Connect with us
ethical investments guide ethical investments guide

Environment

Can You Maximize Your Profits While Investing Ethically?

Shutterstock Licensed Photo - By Dapitart | stock vector ID: 1817618603
blank

Published

on

Most people would like to lead an ethical life, but most of us would also agree that we are forced to compromise to a greater or lesser degree. Being ethical in the modern world isn’t easy, as life is full of complications, gray areas and contradictions. It’s also true that everyone’s ethics are different, and while we may broadly agree on many important moral issues, there can often be a great difference of opinion when it comes to the details.

Ethical investing is a case in point. The first question lies in defining what exactly it is. At one extreme, some might say that if a company or activity is legal, then it is, by definition, ethical, and so investing in it is fine. At the other end of the scale are those who see the whole system of capitalism and the stock market as unethical full stop, meaning that by their lights, ‘ethical investing’ is a contradiction in terms.

A personal choice

Between those two stools, however, ethical investing is a growing subsector of the investment biosphere, as brokers, advisors, funds and trackers help investors put together a portfolio that either excludes firms seen to have a negative impact on the world or includes only those that make a positive impact. Moreover, ethical funds have been shown to equal or even outperform traditional funds as far as returns go, and may also be a less risky investment.

Ethical investing is a personal decision. You need to know where you stand morally, and what principles you want to support, as well as those activities you won’t condone at any cost. This process starts with choosing an appropriate broker, so be sure to check reviews before making your decision. Some brokers let you apply filters when choosing stocks to invest in, so you can tailor your portfolio to your moral compass.

The moral maze

You can also use a robo-advisor programmed to select investments based on ethical considerations. These are much more common than they used to be, but check their methodology and definitions to make sure that they align with your own. If your ethics are based on specific religious or ideological principles, then it might be harder to find a robo-advisor that shares them.

Ethical investing goes by many names, including sustainable investing, impact investing, socially responsible investing, and more. Some approaches are exclusionary or exclusive, simply omitting those investments that are considered to have a negative impact, such as shares in tobacco companies or weapons manufacturers. Others are inclusionary or inclusive, and only include shares in companies or organizations that have a provable positive impact or intention, such as renewable energy providers. Often, they are a mix of both.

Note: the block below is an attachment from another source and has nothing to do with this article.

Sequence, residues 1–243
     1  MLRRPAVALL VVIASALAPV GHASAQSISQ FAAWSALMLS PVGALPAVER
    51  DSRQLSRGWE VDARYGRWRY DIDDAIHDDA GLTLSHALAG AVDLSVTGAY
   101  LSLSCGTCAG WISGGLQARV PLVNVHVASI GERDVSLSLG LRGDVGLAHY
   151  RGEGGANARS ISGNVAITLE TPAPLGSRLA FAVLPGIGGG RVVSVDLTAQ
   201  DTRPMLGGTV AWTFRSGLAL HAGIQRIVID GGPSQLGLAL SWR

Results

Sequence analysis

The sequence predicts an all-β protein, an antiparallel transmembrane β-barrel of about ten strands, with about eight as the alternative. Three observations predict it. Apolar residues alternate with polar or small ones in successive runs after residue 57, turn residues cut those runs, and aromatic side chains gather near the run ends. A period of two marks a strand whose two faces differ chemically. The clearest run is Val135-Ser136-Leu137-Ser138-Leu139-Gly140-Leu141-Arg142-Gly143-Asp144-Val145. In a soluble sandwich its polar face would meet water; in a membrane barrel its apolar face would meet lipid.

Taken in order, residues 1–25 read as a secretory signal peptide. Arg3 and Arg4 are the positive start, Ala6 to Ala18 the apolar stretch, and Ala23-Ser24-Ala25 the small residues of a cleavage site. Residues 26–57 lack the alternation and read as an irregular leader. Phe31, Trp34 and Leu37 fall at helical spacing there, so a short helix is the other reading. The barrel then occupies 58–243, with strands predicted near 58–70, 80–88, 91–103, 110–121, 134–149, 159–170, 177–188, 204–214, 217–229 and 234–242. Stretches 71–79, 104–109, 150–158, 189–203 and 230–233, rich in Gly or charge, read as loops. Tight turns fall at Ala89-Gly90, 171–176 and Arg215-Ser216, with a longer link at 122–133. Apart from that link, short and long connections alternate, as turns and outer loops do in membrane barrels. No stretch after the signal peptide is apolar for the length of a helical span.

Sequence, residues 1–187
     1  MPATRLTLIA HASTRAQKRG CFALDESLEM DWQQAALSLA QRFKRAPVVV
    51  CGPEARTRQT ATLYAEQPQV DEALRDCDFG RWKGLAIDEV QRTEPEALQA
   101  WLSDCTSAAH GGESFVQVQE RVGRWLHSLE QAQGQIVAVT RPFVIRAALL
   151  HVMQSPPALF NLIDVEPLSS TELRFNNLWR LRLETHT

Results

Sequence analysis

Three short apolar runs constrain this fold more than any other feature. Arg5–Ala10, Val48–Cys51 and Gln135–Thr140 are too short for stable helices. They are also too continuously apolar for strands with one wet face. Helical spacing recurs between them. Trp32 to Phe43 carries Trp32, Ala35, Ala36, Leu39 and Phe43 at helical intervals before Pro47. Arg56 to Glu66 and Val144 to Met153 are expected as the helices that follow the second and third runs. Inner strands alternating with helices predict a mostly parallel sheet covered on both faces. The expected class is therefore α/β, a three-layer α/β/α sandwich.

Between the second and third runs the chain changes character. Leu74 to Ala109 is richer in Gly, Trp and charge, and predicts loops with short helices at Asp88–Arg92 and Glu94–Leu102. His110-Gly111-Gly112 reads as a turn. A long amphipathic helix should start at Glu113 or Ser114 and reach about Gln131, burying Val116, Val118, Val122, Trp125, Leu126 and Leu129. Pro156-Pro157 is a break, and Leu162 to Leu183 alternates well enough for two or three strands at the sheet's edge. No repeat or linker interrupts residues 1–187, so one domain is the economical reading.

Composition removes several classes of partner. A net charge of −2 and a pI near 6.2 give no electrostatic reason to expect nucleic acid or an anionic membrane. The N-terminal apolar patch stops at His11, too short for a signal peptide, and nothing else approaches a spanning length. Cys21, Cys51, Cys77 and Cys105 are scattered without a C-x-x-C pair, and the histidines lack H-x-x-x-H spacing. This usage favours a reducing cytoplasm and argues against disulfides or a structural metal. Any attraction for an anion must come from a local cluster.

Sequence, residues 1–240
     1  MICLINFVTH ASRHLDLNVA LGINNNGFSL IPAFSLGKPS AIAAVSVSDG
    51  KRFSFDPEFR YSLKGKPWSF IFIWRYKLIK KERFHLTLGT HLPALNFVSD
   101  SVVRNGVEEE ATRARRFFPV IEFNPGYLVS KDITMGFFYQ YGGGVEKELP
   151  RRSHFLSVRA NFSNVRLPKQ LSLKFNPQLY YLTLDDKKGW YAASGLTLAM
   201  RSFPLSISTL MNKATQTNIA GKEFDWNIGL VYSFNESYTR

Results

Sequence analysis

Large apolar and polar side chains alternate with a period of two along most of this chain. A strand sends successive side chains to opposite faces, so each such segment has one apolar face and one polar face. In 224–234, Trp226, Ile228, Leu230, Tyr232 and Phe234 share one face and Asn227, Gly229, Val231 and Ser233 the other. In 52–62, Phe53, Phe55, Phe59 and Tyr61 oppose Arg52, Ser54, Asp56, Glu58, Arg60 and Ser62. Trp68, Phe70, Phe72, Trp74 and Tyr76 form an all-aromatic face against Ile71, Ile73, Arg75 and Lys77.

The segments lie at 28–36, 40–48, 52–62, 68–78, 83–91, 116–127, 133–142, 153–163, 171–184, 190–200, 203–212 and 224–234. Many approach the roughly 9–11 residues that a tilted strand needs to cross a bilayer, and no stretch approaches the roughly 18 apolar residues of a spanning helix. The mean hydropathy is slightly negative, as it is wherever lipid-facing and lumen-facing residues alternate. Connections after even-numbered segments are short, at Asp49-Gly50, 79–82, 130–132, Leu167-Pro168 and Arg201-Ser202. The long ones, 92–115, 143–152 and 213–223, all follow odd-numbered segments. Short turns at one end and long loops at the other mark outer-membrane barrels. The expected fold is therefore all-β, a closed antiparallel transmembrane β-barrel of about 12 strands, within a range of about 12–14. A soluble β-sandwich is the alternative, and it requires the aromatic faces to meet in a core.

ESG investing

Many funds and trackers use the ESG scale, which stands for environmental, social, and governance. Companies are graded in each area. Environmental criteria include use of natural resources, management of emissions, recycling, and whether a product is sustainable. Social factors are about how a company treats its workers, both direct employees and those further down the supply chain, plus whether they make positive community contributions (or have a negative impact locally). Governance covers the company board of directors and looks at diversity, mission statements, how responsive they are to shareholders, and whether executives take a fair share of profits.

Higher profits, less risk

A recent report showed that US assets managed using ESG strategies grew from $12trn at the beginning of 2018 to $17.1trn at the beginning of 2020, an increase of 42%. The leading financial services firm Morningstar, which provides its own sustainability ratings, reported that sustainable funds outperformed traditional funds in 2019. Ethical companies are also considered to be less risky investments, as if they treat their employees well and are responsible both environmentally and socially, then they are less likely to be embroiled in scandals, fines and lawsuits, and are generally more efficient and transparent.

Decide how involved you want to be in selecting and monitoring your investments. What do you want to support and what do you want to avoid? Read reviews of different companies and check out the many third-party websites that monitor and grade firms in terms of environmental and social impact. Request a sustainability or impact report from the company.

Robo-advisors, sustainable mutual funds, and impact portfolios have made ethical investing easier and more popular than ever. There’s every reason to think that you can invest ethically without adversely affecting your profits. Of course, the price of shares can fall and rise, and neither ethical nor traditional investments are guaranteed to make money – however, there’s no reason why you can’t support positive change and make a sound investment at the same time.

Advertisement

Like our Facebook Page

Advertisement

Trending